There comes a time in every food writer’s life when they have to file something about kohlrabi. Cue “looks like an alien“, “German hybrid“, “some people say they don’t taste of much“.
Well, that time for me was a month or so ago for Borough Market’s excellent magazine Market Life. All the boxes were ticked — you should take a look.
For what it’s worth, I don’t subscribe to the view that this veg is pointless; I love it mandolined and macerated, as well as shoved in gratins and stews like a root vegetable (rather than the swollen growth of a wild cabbage species that they are). Though I don’t get the soup recipes.
The recipe below picks up on the gratinated theme, and is perfect for autumn through winter. Wholegrain mustard and lemon cut through the mellow, earthy flavours of cooked kohlrabi and spinach, while the cream and smoked mackerel add extra layers of flavour to the dish. It makes a lovely supper, served with a crisp, refreshing salad and perhaps some fresh bread to mop up the juices.
Long live kohlrabi, and all those who write about it.
Kohlrabi and smoked mackerel gratin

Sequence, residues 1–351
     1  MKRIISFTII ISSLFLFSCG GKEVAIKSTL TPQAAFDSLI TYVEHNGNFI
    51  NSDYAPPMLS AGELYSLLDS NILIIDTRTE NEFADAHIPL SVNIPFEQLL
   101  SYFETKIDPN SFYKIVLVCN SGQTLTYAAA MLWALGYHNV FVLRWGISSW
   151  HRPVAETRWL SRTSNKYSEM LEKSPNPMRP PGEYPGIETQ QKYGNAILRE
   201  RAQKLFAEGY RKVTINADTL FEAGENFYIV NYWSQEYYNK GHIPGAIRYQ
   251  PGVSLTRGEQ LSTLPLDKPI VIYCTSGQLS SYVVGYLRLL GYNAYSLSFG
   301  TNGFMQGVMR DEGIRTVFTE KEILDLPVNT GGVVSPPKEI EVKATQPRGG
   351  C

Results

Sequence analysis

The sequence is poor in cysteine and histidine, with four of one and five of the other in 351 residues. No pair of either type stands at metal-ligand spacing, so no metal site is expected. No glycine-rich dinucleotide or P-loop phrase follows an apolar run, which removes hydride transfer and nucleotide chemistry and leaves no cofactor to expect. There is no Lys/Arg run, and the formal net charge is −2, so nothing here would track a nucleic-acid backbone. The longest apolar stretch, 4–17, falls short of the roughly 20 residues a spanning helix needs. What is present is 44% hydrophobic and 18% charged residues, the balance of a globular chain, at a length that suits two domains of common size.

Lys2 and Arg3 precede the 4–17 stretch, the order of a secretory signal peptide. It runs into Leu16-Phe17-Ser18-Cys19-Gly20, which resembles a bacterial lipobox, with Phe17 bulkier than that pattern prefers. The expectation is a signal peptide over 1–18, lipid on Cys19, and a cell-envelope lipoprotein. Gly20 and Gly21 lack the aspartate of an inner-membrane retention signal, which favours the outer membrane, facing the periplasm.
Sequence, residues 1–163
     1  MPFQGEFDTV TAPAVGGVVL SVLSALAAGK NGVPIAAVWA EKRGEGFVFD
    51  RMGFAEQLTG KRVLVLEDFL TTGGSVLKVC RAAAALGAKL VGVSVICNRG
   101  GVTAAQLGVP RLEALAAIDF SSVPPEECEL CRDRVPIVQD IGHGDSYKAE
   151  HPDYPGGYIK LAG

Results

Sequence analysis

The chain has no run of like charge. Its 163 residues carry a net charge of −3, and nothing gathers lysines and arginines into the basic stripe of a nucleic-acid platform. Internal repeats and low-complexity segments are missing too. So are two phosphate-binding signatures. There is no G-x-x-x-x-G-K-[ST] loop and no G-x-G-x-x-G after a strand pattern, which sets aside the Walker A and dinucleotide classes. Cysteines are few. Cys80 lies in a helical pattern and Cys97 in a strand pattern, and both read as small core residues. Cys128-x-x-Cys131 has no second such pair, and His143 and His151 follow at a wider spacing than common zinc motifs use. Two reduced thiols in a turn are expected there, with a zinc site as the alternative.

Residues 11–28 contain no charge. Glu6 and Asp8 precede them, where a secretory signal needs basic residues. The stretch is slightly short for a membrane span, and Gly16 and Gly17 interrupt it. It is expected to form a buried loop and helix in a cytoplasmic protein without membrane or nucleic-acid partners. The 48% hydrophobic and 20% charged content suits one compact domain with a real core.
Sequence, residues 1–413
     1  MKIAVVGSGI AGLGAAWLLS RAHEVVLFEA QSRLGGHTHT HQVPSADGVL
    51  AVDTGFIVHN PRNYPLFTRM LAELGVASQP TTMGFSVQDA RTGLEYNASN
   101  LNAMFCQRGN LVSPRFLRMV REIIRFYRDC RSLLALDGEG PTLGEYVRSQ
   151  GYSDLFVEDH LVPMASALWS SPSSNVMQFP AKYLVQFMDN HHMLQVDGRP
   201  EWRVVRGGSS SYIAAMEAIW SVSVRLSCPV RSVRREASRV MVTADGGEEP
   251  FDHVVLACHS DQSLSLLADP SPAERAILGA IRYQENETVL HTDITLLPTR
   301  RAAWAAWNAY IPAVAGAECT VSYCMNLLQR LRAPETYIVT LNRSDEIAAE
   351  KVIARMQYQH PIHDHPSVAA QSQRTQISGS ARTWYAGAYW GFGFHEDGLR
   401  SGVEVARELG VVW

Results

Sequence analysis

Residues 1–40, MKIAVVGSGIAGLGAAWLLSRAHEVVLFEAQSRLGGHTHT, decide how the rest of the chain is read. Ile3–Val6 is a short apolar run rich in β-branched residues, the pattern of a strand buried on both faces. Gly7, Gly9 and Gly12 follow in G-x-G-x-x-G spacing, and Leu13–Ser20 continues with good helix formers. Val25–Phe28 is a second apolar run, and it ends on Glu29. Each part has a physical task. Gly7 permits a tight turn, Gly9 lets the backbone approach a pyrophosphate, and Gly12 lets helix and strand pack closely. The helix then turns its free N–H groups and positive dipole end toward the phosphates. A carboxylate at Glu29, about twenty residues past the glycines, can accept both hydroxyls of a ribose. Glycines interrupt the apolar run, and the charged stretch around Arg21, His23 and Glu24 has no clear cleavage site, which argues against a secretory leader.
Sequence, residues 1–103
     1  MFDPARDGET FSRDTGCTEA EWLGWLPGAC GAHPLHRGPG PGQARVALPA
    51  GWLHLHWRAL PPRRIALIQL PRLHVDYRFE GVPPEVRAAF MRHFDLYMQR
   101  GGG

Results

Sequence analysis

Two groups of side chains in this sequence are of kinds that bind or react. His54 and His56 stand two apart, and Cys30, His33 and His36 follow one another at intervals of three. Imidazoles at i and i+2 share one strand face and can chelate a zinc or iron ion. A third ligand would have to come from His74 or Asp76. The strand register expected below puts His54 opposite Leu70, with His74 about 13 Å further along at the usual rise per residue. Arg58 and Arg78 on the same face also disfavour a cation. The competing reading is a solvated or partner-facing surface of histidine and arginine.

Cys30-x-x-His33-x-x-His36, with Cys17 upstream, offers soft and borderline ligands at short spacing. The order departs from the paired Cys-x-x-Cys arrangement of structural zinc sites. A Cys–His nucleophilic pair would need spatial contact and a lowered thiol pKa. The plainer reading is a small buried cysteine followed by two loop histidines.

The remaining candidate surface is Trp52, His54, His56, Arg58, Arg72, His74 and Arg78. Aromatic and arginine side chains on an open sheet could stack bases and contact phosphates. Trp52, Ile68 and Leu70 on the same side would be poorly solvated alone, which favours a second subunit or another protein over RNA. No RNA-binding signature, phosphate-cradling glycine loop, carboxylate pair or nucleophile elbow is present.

- 800-900g kohlrabi, including leaves if they’re on
- 2 smoked mackerel fillets (150g)
- 200g spinach (large leafed)
- 300ml double cream
- 100ml whole milk
- Juice of ½ lemon
- 4 tsp wholegrain mustard
- Sea salt and white pepper
Pre-heat the oven to 220C. Dig out a medium-sized gratin or oven-proof dish—I use a 23cm circular pan, which is about 7cm deep.
Cut any stalks off the kohlrabi and reserve the leaves. Peel with a vegetable peeler, then use a mandolin to slice into 3mm-thick pieces. Put to one side.
Wash the spinach thoroughly, remove and discard the stalks and chop the leaves in half. Put the cream, milk, 1 tsp mustard and a good pinch each of salt and white pepper in a milk pan and warm to a gentle simmer while you assemble the gratin.
Spread the kohlrabi slices in one layer. Smear with 1 tsp mustard. Season with salt and pepper and flake one third of the mackerel over the top. Place a layer of spinach (and the kohlrabi leaves if you have them) over this, then repeat three times, and finish with a fourth and final layer of kohlrabi slices.
Squeeze the lemon juice into the milk pan, then pour this over the kohlrabi. Place on a baking tray (in case the cream bubbles over) and cook in the middle of the oven for 45-50 mins, until the kohlrabi and leaves have released their juices and become tender.
The cream should be bubbling round the sides and brown on top.